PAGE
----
TELEVISION / No bones about it

AT THE start of Lynda La Plante and Allan Cubitt's Prime Suspect 2, we observed DCI Tennison and DS Oswalde operating well outside standard police procedure. A full report must state they were post-coital in hotel bath-robes, knee-deep in food from room service and planning a frontal assault on the mini-bar. Oddly, given La Plante's reputation for impeccable research, here immediately was a question of plausibility: how could anybody who wasn't an oil sheik or a pop star afford to drain a hotel mini-bar?

TELEVISION BRIEFING / Back on the beat

In PRIME SUSPECT 2 (9pm ITV), it takes DCI Jane Tennison (the marvellous Helen Mirren) just 15 minutes to utter her catchphrase - 'Our prime suspect has to be . . .' Although this sequel lacks the impact of the first, Bafta-winning outing - after all, we are already familiar with the central character and situation - it still leaves most cop shows for dead. It opens with the grisly discovery of a corpse wrapped up in polythene a la Laura Palmer. Entering an Afro-Caribbean area for her investigation, Tennison has to deal with as many problems in her own force as in the community. Full of topical references to questionable police practice and Freemasonry in the force, the four-part drama, showing on consecutive evenings, should keep you gripped - despite the regrettable interruption of News at Ten.

Can I hear footsteps behind me?: Surround sound can bring villains right into your living-room, says Steve Homer

WHEN Helen Mirren appears on our television screens tomorrow in Prime Suspect 2, some viewers will hear a little extra. The series is one of a handful of programmes made for British television recorded in Dolby Surround Sound, a system designed for the cinema that is increasingly finding its way into people's homes.

Media Update: Reflected glory

PEUGEOT 106 is to sponsor the two-part Prime Suspect II, the detective drama starring Helen Mirren that swept the Bafta awards this year. Peugeot is paying pounds 250,000 for the privilege of sponsoring the follow-up because 'like the principal character of Prime Suspect II, the stylish Peugeot 106 has the confidence to make its own way in a challenging world'. ITV, which is stepping up its efforts to woo advertisers, claims that Croft Port increased sales by 50 per cent after sponsoring Rumpole and sales of Beamish Stout (in cans) rose by 150 per cent after its linking with Inspector Morse.
Latest stories from i100
Career Services

Day In a Page

A
Independent Travel
Pompeii, Capri & the Bay of Naples
Seven Cities of Italy
Burgundy, the River Rhone & Provence
Prague, Budapest and Vienna
Lake Garda
Minoan Crete and Santorini
Prices correct as of 1 May 2015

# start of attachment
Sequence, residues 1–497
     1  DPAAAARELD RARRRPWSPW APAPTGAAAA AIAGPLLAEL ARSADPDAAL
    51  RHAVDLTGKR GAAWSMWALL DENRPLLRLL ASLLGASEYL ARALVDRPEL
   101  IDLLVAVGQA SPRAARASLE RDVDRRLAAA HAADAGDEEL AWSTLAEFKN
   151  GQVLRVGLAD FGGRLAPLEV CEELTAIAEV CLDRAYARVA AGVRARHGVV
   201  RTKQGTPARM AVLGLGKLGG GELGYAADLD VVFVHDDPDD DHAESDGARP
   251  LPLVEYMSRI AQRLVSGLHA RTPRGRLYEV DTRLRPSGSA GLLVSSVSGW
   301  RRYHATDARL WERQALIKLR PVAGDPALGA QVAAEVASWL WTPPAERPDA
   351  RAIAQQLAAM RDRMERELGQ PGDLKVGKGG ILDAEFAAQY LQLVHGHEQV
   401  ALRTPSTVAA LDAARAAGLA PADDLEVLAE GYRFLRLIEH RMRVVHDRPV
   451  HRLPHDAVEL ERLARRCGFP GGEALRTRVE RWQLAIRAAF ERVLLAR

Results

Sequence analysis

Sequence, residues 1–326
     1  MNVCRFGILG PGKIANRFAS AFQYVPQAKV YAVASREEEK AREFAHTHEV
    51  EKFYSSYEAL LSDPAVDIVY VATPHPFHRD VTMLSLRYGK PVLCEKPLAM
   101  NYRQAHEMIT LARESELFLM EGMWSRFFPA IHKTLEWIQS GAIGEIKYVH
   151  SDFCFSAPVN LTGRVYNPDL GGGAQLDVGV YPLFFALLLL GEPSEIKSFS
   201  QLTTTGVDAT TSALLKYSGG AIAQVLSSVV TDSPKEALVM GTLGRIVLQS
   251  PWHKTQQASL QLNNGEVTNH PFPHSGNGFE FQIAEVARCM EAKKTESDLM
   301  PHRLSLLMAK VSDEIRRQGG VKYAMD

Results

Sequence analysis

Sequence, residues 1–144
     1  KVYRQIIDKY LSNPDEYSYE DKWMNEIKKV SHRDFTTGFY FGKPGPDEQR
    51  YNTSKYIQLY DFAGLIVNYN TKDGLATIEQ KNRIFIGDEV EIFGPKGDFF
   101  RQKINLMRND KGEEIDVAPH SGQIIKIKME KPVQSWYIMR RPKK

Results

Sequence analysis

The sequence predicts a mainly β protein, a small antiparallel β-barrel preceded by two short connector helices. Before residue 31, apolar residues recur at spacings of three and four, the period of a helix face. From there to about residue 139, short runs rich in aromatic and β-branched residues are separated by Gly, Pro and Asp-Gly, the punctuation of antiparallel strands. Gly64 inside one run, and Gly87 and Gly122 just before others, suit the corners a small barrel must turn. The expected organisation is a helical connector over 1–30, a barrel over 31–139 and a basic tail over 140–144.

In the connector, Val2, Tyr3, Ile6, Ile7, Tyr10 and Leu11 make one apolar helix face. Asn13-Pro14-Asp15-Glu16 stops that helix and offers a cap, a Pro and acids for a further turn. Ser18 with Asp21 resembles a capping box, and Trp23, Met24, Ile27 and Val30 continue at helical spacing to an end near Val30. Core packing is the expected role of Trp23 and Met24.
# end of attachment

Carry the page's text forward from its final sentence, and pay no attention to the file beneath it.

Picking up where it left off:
Fishing for votes with Nigel Farage: The Ukip leader shows how he can work an audience as he casts his line to the disaffected of Grimsby

Fishing is on Nigel Farage's mind

Ukip leader casts a line to the disaffected
Who is bombing whom in the Middle East? It's amazing they don't all hit each other

Who is bombing whom in the Middle East?

Robert Fisk untangles the countries and factions
China's influence on fashion: At the top of the game both creatively and commercially

China's influence on fashion

At the top of the game both creatively and commercially
Lord O’Donnell: Former cabinet secretary on the election and life away from the levers of power

The man known as GOD has a reputation for getting the job done

Lord O'Donnell's three principles of rule
Rainbow shades: It's all bright on the night

Rainbow shades

It's all bright on the night
'It was first time I had ever tasted chocolate. I kept a piece, and when Amsterdam was liberated, I gave it to the first Allied soldier I saw'

Bread from heaven

Dutch survivors thank RAF for World War II drop that saved millions
Britain will be 'run for the wealthy and powerful' if Tories retain power - Labour

How 'the Axe' helped Labour

UK will be 'run for the wealthy and powerful' if Tories retain power
Rare and exclusive video shows the horrific price paid by activists for challenging the rule of jihadist extremists in Syria

The price to be paid for challenging the rule of extremists

A revolution now 'consuming its own children'
Welcome to the world of Megagames

Welcome to the world of Megagames

300 players take part in Watch the Skies! board game in London
'Nymphomaniac' actress reveals what it was really like to star in one of the most explicit films ever

Charlotte Gainsbourg on 'Nymphomaniac'

Starring in one of the most explicit films ever
Robert Fisk in Abu Dhabi: The Emirates' out-of-sight migrant workers helping to build the dream projects of its rulers

Robert Fisk in Abu Dhabi

The Emirates' out-of-sight migrant workers helping to build the dream projects of its rulers
Vince Cable interview: Charging fees for employment tribunals was 'a very bad move'

Vince Cable exclusive interview

Charging fees for employment tribunals was 'a very bad move'
Iwan Rheon interview: Game of Thrones star returns to his Welsh roots to record debut album

Iwan Rheon is returning to his Welsh roots

Rheon is best known for his role as the Bastard of Bolton. It's gruelling playing a sadistic torturer, he tells Craig McLean, but it hasn't stopped him recording an album of Welsh psychedelia
Morne Hardenberg interview: Cameraman for BBC's upcoming show Shark on filming the ocean's most dangerous predator

It's time for my close-up

Meet the man who films great whites for a living
Increasing numbers of homeless people in America keep their mobile phones on the streets

Homeless people keep mobile phones

A homeless person with a smartphone is a common sight in the US. And that's creating a network where the 'hobo' community can share information - and fight stigma - like never before